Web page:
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Logistic Management News

  1. The staff of Logistics Management (LM) is honored to present the logistics and transportation community with the results of our 37th Annual Quest for Quality Survey
  2. When demand heads up, trucking will be there, moving goods through the bloodstream of the American economy.
  3. To say the relationship between the United States and China is complicated is an understatement. And that is even more clear today, given the impact of the ongoing COVID-19 pandemic on their respective economies and the global economy, at larger, coupled with the increasing tensions between the two global superpowers embroiled in a trade war and at odds over the origins of COVID-19, too.
  4. It would be in the best interest of all parties to speed up the adoption of digital standards and platforms for demand planning, tracking and settlement for all modes of transport.
  5. During the interim, shippers can expect ample capacity for moving product at rates not seen for quite some time.
  6. Multinational distribution firm shares how its ERP/WMS integration helped to streamline its quick-turnaround fulfillment process, reduce human touches on every order and create an exceptional workplace for its employees.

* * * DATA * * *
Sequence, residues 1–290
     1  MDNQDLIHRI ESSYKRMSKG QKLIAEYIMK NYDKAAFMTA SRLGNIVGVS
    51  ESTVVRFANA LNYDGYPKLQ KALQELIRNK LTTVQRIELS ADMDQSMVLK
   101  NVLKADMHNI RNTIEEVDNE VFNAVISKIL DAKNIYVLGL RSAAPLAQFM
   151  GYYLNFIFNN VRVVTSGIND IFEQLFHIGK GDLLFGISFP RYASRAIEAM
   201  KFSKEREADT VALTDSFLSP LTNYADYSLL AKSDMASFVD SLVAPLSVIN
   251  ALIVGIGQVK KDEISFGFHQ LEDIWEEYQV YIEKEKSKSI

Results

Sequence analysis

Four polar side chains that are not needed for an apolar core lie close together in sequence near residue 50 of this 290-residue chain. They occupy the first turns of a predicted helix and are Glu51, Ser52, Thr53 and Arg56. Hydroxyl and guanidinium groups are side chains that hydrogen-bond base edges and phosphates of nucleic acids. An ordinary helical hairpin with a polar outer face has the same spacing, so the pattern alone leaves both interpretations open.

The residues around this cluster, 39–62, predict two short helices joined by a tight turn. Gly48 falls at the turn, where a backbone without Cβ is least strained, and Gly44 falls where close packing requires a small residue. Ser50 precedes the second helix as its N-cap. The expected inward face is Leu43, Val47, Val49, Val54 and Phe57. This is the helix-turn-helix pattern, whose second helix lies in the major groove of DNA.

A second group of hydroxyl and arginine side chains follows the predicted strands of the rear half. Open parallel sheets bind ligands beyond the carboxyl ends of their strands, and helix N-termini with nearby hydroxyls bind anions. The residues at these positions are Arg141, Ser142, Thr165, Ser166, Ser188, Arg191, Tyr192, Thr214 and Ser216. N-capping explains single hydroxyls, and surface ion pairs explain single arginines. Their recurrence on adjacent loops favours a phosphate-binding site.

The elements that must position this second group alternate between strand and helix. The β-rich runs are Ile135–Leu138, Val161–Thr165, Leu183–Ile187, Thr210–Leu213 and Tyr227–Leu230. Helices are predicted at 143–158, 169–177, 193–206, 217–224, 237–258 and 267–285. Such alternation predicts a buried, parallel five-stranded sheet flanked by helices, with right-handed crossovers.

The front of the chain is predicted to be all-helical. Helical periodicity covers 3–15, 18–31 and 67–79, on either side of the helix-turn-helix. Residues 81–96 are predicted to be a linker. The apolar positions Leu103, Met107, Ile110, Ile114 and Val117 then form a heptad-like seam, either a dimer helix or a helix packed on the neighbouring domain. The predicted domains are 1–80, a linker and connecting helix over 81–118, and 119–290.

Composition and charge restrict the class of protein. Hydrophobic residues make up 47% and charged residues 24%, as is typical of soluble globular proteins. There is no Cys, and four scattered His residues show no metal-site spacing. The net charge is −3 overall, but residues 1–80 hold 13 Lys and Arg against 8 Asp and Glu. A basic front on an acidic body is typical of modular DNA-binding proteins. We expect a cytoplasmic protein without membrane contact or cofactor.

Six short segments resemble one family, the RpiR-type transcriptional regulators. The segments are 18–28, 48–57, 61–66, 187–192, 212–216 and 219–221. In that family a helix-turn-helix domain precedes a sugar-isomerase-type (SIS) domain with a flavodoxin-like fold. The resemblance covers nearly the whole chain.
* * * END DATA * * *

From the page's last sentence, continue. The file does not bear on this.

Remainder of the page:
7. In a mid-quarter update of the Coyote Curve by Coyote Logistics, a subsidiary of freight transportation and logistics services bellwether UPS, provided a wide-ranging overview of the freight market conditions, from three different perspectives: a look back at the second quarter; expectations for the third quarter; and a 2020-2023 forecast.
  8. If there’s one lesson to learn, it’s that supply chains must now become more resilient. And as more companies consider reshoring to the United States, there are many things to consider beyond just making the economics work.
  9. With the e-commerce boom during the pandemic, there’s very little available warehouse/DC space—consequently, developers continue to build at a bullish pace.
  10. FTR reported that preliminary North American Class 8 orders—at 20,000 units—was up 28% compared to June’s 14,400, and doubled its output compared to July 2019. And over the last 12 months, FTR said Class 8 orders came in at 168,000 units. And ACT Research reported that preliminary July North American Class 8 net orders—at 20,300 units—were up 27% compared to June and up 98% annually, against what it called “a very easy year-ago comparison.”
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